Whether in her role as a writer, teacher, or small business owner, Crystal Wilkinson does not shy away from tackling tough issues.
From exploring intergenerational threads of mental illness in her latest book, Birds of Opulence, to hosting community gatherings and salons at Wild Fig Books & Coffee, which she owns with her partner Ron Davis, Wilkinson is creating a safe space for diverse audiences and patrons to connect to the heart of difficult issues that affect us all.
Her first book since 2002, and her first novel, Birds of Opulence tells the story of the multiple generations of the Goode-Brown family living in the fictional black township of Opulence. It’s not unlike the rural Casey County setting of her own childhood, where she was raised on a farm by her grandparents.
Wilkinson says that people often come up to her after public readings of Birds of Opulence to share their families’ encounters with mental health problems.
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“I’ve had lots of people tell me they’ve had mental illness in their own family and that it is interesting for them to see up close,” says Wilkinson, whose non-linear writing in the novel details how the thread of mental health struggles weaves throughout several generations of black women in the mountain South.
“My mother was diagnosed as a paranoid schizophrenic, so the fact of mental health was very much at the center of my life,” says Wilkinson, who is currently writing a nonfiction book about her mother’s illness in addition to a short story cycle, children’s book and poetry collection.
Wilkinson says the book-in-progress about her mother, who still struggles with mental health, is “very difficult to write.”
“What I tried to do with this book is examine the intergenerationality of not just mental health but the psychology and, sometimes, the pathology that’s carried forward in generations,” Wilkinson says.
It would be an oversimplification to imply Birds of Opulence is only about mental health. It explores the intersection of race, gender, class, place and identity in a freely poetic language that Wilkinson says lends itself to writing about memory.
“I used to deny being a poet, but with this book, I embraced it,” Wilkinson says. “It was too hard to try and dissect my poet self from my fiction self, and I guess I’ve grown enough to say that I no longer have to.
“It was the perfect way to tell this particular story, and I’ve discovered that as a writer, the poet is part of who I am, so why hide her and try to quell her energy?”
Wilkinson’s freedom to experiment as an artist working on multiple genres bleeds over into her and her partner’s unique approach to small business ownership.
Their first attempt at running a bookstore came in 2011, when they bought the old Morgan-Adams bookstore on Leestown Road and changed the name to Wild Fig Books.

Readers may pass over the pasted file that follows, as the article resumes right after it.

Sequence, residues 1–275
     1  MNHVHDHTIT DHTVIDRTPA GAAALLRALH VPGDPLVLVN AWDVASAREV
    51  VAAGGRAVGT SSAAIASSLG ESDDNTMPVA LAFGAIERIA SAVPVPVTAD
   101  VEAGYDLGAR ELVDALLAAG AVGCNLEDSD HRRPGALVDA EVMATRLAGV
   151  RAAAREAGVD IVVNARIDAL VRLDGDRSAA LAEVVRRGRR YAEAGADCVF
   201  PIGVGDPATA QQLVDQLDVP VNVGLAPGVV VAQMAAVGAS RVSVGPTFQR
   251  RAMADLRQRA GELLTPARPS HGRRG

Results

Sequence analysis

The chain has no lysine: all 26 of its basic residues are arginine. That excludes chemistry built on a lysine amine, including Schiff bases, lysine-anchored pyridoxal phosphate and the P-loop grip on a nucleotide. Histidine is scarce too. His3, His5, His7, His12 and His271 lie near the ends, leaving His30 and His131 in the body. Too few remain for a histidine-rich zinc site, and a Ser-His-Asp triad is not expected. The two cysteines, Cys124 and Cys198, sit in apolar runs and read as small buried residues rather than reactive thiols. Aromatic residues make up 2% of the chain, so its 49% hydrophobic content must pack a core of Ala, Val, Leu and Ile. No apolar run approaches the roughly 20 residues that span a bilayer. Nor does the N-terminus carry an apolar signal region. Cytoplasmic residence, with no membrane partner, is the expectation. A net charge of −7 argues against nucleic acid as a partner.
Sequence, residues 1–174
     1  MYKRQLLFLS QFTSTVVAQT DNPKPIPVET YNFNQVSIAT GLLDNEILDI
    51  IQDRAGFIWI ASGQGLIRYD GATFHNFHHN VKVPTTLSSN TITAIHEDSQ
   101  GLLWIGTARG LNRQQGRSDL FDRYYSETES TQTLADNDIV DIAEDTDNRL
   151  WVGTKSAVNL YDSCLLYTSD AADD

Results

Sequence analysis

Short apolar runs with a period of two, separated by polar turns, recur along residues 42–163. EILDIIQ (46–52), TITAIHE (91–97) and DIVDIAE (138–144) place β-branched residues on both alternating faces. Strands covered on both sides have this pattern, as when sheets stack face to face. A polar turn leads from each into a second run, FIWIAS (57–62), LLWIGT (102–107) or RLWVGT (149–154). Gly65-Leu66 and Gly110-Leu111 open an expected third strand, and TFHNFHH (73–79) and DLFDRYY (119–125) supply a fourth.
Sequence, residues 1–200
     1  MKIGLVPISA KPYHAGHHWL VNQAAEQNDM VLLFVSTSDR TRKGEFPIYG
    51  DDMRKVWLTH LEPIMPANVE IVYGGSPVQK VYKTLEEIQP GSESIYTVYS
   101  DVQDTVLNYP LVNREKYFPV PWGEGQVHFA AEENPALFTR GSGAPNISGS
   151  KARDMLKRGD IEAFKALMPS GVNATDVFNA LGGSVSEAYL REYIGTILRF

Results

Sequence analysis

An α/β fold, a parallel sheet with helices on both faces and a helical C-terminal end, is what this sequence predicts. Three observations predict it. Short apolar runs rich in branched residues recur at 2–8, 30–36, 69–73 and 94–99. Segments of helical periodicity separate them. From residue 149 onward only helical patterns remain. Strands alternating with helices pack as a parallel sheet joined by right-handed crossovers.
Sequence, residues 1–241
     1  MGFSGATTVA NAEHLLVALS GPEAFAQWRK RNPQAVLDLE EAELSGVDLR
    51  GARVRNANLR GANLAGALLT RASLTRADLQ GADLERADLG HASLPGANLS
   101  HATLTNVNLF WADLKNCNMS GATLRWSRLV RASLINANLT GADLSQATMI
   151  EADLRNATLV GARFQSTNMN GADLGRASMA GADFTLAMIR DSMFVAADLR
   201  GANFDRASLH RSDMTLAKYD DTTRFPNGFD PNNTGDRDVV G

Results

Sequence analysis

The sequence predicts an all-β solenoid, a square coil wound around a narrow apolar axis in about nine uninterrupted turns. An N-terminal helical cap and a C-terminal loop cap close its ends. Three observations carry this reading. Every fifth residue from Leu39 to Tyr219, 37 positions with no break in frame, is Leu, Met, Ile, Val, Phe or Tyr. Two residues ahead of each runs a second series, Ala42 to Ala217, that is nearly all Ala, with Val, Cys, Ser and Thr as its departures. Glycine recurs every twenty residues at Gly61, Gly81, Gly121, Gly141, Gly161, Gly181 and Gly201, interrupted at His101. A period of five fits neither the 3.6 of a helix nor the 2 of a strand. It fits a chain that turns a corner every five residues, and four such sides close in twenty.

Their Leestown location closed after four years, in large part due to decline in sales that Wilkinson linked to the opening of Half-Price Books on Nicholasville Road.
Wilkinson says they didn’t think they would ever reopen, but when they looked at the property at 726 North Limestone, they could imagine that space becoming the kind of community-centered bookstore they had hoped to cultivate at their first location.
They changed the business name to Wild Fig Books & Coffee, added a food and drink component, and got rid of the used book model in favor of a strategically selected lineup of new books designed to cater to the community.
The new iteration of Wild Fig has been described as a “literary boutique.”
“I like to think of it as a literary country store,” Wilkinson says.
Kentucky poet and poetry editor of the Oxford American Magazine Rebecca Howell said in an interview this year, “Crystal and Ron have somehow created a place that is part bookstore and cafe, part town hall and writing center. I honestly can’t think of any place like it.”
Wild Fig has become known for a steady stream of community events, workshops, storytimes, salons and other community-driven endeavors in its seven months at the Limestone location.
“We can always have more people in to buy more lattes and to buy more books, but we also want to foster a continuing conversation around literature, various forms of conversations and not just about literature but about issues,” Wilkinson says. “It’s been pretty important to both of us to foster that. We try to get at it a lot of different ways.”
From a Sunday salon series that explores everything from rural LGBTQ identity to coal mining to slavery, Wild Fig is hosting broad community discussions that feel welcoming to folks of diverse backgrounds. They also offer story time and writing workshops, and they even hosted a live viewing of Gov. Matt Bevin’s budget rollout earlier this year when rumors of a cut to the Kentucky Arts Council were circulating.
Wilkinson, who is also the Appalachian Writer-In-Residence at Berea College, says it is satisfying to see folks come away from these community events with new perspectives and understandings.
“People often leave our events and say, ‘Thank you for hosting this, I learned a lot tonight,’” says Wilkinson. “Not just, ‘I really enjoyed that reading,’ but ‘I learned a lot.’”
Candace Chaney is a Lexington-based writer and critic.